[PATCH V11 2/4] ptp: Added a clock that uses the eTSEC found on the MPC85xx.

Grant Likely grant.likely at secretlab.ca
Thu Feb 24 04:54:59 EST 2011

On Wed, Feb 23, 2011 at 11:26:12AM -0600, Scott Wood wrote:
> On Wed, 23 Feb 2011 09:50:58 -0700
> Grant Likely <grant.likely at secretlab.ca> wrote:
> > On Wed, Feb 23, 2011 at 11:38:17AM +0100, Richard Cochran wrote:
> > > +
> > > +* Gianfar PTP clock nodes
> > > +
> > > +General Properties:
> > > +
> > > +  - compatible   Should be "fsl,etsec-ptp"
> > 
> > Should specify an *exact* part; ie: "fsl,mpc8313-etsec-ptp" instead of
> > trying to define a generic catchall.  The reason is that the same
> > marketing name can end up getting applied to a wide range of parts.
> > 
> > Instead, choose one specific device to stand in as the 'common'
> > implementation and get all parts with the same core to claim
> > compatibility with it.  ie: a p2020 might have:
> > 
> > 	compatible = "fsl,mpc2020-etsec-ptp", "fsl,mpc8313-etsec-ptp";
> eTSEC is versioned, that's more reliable than the chip name since chips
> have revisions (rev 2.1 of mpc8313 has eTSEC 1.6, not sure about previous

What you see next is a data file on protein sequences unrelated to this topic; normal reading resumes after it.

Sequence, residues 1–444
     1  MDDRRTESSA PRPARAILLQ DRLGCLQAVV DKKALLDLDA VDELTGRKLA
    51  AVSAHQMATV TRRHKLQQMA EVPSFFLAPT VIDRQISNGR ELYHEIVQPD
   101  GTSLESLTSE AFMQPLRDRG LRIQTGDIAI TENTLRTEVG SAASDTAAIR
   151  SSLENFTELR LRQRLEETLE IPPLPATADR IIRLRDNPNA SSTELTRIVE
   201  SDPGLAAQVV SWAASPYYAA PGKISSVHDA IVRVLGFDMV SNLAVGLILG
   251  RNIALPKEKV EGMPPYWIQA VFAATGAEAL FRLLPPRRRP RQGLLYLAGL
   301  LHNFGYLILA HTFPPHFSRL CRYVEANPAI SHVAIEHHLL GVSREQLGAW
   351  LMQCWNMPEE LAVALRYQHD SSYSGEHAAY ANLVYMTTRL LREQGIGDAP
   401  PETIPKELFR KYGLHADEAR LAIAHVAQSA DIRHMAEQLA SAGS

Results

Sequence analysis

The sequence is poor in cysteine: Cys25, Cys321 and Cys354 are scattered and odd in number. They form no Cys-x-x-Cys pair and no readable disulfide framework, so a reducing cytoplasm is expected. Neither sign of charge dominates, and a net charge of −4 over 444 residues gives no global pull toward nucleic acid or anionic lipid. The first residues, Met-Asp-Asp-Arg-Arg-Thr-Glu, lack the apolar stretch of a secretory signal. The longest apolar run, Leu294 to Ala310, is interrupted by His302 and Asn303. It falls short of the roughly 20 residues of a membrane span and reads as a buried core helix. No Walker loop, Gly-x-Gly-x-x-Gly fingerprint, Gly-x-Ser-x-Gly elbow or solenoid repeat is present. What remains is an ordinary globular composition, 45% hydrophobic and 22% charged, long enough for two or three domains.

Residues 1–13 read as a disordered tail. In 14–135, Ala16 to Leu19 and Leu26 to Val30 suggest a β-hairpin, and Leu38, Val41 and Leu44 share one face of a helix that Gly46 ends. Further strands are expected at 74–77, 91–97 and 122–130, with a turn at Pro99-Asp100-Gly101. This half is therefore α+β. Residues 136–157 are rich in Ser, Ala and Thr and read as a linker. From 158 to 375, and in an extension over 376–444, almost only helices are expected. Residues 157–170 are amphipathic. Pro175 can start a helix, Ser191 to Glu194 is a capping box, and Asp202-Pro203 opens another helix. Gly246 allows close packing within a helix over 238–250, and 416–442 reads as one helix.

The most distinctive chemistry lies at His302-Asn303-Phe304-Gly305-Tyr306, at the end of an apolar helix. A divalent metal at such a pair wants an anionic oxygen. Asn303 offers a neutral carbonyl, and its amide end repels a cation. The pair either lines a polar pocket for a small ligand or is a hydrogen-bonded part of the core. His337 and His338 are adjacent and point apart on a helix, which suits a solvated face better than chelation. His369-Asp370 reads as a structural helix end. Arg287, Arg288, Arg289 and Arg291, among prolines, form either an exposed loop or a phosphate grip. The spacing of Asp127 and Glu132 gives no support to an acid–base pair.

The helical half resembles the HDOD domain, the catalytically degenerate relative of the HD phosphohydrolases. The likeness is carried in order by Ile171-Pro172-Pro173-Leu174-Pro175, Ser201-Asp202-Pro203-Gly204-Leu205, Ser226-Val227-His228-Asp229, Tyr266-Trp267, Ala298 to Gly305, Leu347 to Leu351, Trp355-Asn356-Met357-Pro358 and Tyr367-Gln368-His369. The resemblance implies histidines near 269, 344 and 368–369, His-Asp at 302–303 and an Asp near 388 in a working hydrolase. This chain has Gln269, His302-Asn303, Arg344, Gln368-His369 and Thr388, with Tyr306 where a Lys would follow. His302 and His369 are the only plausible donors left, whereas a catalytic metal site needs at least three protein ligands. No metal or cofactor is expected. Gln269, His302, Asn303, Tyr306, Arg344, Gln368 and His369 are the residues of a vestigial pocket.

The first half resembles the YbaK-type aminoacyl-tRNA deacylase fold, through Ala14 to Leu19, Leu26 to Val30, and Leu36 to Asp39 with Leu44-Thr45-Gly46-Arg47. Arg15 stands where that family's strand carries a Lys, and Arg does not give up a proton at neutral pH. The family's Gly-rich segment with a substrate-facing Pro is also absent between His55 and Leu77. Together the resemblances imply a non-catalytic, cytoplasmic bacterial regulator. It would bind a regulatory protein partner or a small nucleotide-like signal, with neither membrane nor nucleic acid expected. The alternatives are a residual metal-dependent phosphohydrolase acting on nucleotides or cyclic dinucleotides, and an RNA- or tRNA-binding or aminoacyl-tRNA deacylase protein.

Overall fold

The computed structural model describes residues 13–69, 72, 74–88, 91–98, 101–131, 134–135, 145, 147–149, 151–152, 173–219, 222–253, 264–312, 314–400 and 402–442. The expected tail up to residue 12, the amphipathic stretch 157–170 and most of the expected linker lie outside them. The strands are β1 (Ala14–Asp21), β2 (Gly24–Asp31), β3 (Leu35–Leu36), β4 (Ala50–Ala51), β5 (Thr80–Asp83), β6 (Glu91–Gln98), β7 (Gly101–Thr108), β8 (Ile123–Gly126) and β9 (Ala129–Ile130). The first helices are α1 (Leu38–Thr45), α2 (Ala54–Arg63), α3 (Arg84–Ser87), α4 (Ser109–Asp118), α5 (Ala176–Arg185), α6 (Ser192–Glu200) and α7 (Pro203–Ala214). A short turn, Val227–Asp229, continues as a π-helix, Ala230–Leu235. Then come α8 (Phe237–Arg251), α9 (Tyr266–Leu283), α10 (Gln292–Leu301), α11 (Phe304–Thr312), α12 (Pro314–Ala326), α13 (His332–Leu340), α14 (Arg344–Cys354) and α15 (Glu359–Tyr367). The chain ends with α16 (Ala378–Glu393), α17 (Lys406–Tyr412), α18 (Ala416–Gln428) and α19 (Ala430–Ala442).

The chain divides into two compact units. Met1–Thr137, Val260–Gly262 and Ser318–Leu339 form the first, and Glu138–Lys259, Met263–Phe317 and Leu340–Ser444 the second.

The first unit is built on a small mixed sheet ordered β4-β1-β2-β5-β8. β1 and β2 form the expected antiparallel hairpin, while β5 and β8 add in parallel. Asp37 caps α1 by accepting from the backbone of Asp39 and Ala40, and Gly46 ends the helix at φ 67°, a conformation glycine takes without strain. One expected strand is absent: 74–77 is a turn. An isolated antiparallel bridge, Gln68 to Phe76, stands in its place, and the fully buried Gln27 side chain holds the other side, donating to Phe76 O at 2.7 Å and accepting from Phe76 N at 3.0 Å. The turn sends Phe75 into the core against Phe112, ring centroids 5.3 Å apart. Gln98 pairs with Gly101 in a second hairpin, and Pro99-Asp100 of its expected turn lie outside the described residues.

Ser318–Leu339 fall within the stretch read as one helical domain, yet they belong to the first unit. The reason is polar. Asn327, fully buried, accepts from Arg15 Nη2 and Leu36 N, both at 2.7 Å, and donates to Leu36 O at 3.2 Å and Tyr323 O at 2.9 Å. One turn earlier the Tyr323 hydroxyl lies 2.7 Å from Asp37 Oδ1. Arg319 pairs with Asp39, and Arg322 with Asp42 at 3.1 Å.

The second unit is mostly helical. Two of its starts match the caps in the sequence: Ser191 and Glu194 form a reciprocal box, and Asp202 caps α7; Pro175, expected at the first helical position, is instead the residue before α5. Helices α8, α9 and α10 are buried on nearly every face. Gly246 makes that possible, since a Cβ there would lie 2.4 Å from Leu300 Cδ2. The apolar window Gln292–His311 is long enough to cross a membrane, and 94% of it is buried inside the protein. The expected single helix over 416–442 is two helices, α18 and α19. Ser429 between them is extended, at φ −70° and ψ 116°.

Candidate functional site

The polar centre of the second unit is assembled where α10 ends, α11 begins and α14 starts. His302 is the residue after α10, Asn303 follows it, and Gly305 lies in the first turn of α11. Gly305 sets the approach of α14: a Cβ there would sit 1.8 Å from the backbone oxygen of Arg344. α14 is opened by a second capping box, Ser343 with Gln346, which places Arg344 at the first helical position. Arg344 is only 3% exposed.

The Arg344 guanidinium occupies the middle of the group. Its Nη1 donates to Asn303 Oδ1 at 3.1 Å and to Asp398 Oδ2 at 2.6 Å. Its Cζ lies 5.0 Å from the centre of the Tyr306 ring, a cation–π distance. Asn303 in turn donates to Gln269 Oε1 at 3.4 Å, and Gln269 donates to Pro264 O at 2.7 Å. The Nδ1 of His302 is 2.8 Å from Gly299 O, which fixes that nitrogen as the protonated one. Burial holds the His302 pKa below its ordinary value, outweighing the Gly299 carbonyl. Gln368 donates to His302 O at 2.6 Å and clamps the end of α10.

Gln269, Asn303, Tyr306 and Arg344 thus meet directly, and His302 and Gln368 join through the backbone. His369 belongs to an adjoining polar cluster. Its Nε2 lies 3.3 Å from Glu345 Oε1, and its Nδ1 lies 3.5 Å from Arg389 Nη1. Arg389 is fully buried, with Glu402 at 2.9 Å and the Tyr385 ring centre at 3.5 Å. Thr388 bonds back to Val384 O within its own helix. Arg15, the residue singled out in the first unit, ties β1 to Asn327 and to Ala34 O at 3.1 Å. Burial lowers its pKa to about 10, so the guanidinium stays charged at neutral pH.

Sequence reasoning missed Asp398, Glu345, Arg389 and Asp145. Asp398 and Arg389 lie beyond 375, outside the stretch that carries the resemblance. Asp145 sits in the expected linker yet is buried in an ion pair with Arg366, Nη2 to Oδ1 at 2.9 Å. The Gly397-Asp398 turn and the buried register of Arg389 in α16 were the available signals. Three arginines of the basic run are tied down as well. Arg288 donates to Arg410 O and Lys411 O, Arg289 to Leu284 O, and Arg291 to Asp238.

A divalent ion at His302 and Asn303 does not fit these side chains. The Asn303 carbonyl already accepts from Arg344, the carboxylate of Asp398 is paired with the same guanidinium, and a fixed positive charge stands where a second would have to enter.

> revs of mpc8313).  Logic blocks can be and have been uprevved between one
> revision of a chip to the next.  I think "fsl,mpc8313rev2.1-etsec-ptp"
> would be taking things a bit too far (and there could be board-level bugs
> too...).
> If you really need to know the exact SoC you're on, look in SVR (which
> will provide revision info as well).  Isn't the device tree for things that
> can't be probed?

This is far more about the binding than it is about the chip revision.
When documenting a binding it makes far more sense to anchor it to a
specific implementation than to try and come up with a 'generic'
catchall.  A new binding means new compatible value and dropping any
claims of being compatible with the old.

It is not about the logic block version, particularly when it is
detectable by the driver as you say.

> The eTSEC revision is probeable as well, but due the way PTP is described as
> a separate node, the driver doesn't have straightforward access to those
> registers.

Ignorant question: Should the ptp be described as a separate node?

> Insisting on an explicit chip also encourages people to claim compatibility
> with that chip without ensuring that it really is fully compatible.

In practise, I've not seen this to be an issue.


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